But all this restoration we speak of and the Broken Minaret is no longer broken. And the extensive ruins are no longer ruins.
They’re restored and are now a functioning mosque.
In 2022, the mosque isn’t yet fully open to the public as restorations continue.
But the site of the Korkut Mosque has hosted a Roman temple in the 2nd Century AD before a Byzantine church was built.
A bit of toing-and-froing between being a place of worship as a mosque and church, it was a mosque for 400 years before being destroyed by fire in 1846.
The 2020s saw it being brough back to life. We’ve seen photos of the inside and we can’t wait to see it in person!
As you head downhill in Kaleiçi, one of the streets will bring you to Keçili Park.
Keçi means ‘goat’ in Turkish. And this little park area is named after the two wooden sculptures of goats that are in the park.
Sadly, the sculptures and this once beautiful garden are not in the best condition at the moment – they could do with a bit of a spruce up.
But don’t let this put you off a little jaunt into the park.
This is the park where you need to consult your wits. Because at the far end of the walkway is a sheer drop down the cliff face into the clear turquoise waters of the Mediterranean!
Don’t worry, though; there’s a barrier there…and a glass viewing floor.
We’ve got a photo of us stood there with friends, one of whom was far from happy about being there. It shows in the photo!
Do get your camera out, here. Keçili Park is a perfect place for capturing some classic Antalya views.
Look straight down below you to the sunbathers and swimmers on the Blue Flag Mermerli Beach.
In winter, you’ll see a pristine stretch of sand, glistening shallow waters and the odd swimmer.
In summer, the view of sand is replaced by that of umbrellas. Lots of them. The view is still stunning, however.
Allow your eye to drift beyond the lighthouse of the old harbour and along the coast line of the modern city, past Atatürk Park and towards Konyaaltı Beach.
And, on a clear day, you will of course also get the views of the spectacular mountain range.
Again, it’s all change for Hıdırlık Tower in the 2020s.
Not restoration but discovery.
Once green lawns and pruned bushes that framed the view are now a developing archaeological dig.
It’s thought Hıdırlık Tower was built around the 2nd Century AD but its purpose is a bit of a mystery.
Common belief is that it was the tomb of an important person. Others say – because of it’s position overlooking the yacht harbour – that it acted as lighthouse or lookout.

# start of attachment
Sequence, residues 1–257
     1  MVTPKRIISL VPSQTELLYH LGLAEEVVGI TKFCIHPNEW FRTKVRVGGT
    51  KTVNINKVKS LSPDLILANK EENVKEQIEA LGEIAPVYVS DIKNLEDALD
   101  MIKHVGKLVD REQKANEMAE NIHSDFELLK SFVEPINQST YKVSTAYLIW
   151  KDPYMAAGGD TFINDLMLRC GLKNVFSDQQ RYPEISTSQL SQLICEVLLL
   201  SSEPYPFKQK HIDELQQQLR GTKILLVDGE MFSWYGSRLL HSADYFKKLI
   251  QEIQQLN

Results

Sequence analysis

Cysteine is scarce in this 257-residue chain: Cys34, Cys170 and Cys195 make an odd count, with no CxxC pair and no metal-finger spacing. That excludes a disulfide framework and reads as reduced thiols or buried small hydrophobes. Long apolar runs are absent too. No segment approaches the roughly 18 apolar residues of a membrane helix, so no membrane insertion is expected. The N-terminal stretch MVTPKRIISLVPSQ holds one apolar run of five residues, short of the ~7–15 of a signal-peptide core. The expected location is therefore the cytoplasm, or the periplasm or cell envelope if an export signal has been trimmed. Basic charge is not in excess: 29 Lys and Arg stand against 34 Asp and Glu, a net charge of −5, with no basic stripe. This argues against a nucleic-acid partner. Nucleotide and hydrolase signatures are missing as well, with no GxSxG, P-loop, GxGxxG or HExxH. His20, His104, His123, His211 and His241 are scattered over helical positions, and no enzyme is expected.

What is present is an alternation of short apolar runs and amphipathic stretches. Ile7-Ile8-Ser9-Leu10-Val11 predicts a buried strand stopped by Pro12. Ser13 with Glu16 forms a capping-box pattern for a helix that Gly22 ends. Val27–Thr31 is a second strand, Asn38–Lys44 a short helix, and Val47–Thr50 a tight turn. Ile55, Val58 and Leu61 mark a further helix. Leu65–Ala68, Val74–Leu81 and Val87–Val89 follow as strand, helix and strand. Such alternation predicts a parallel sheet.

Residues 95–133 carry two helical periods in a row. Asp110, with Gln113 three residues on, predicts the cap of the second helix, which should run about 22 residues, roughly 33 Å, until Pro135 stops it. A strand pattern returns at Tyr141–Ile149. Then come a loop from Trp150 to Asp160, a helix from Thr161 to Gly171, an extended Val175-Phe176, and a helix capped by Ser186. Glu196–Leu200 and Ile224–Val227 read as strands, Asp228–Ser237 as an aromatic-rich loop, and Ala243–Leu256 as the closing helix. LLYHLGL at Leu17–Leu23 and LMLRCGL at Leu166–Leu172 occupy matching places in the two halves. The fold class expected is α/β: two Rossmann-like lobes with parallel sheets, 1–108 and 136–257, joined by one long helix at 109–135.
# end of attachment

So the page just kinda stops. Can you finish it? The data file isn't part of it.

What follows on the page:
Today, in the 21st Century it links the edge of Kaleiçi to Karaalioğlu Park and offers sweeping views across the sea and the mountains beyond.
And, for now at least, you also get the added bonus of watching progress of the ongoing archaeological dig.
Antalya Old Town – Homes, Shops, Hotels, Bars & Restaurants
These beautifully restored buildings from Ottoman times are now private dwellings. And – a bonus for us visitors to Antalya old town – bars, restaurants, takeaways, souvenir shops and places to stay.
Staying In Kaleiçi
Over the years, being in the city for the annual Runtalya event, we’ve stayed in different places around Kaleiçi.
There’s somewhere to suit all budgets.
Luxury boutique hotels – some with outdoor swimming pool – to cheaper small hotels and cosy pensions for the budget traveller.
Many still have their enclosed courtyard areas that were so common in the Ottoman time.
If you read this blog often, you’ll know we’re budget travellers and the cheaper pensions in Antalya don’t disappoint.
They’re well established, offering comfortable en suite rooms with air conditioning, hair dryer and, often, a substantial breakfast.
Sibel Pension has been one of our favourites.
Hotel Twenty, although not a historic building, is also a great budget hotel with fabulous views over the tiled rooftops of Kaleiçi and the magnificent Beydağları mountain range.
And, the great thing with Antalya is, if you’re there out of season, you can often land a good deal.
So, we’ve also been able to stay at smart boutique hotels like 1207 Boutique Hotel for a really reasonable price.
Antalya Old Town Bars & Restaurants
Ahh, this area is our happy place when it comes to feeding and watering ourselves. There’s no sleepy period here in the low season.
Kaleiçi is a great place for soaking up the student vibe. And the old city is very much alive and kicking whatever time of year it is.
There are oodles of live music venues with local bands playing covers of classic tracks. There are also quieter bars serving food where you can sit and chat – and people watch.
Lots of those people will have confused looks, too, as they try to negotiate the maze of Antalya old town.
We love to while away some time at bars like Dubh Linn and Varuna Gezgin.
Dubh Linn has outdoor seating along a main thoroughfare where there are lots of other bars so there’s always a nice buzz to the area.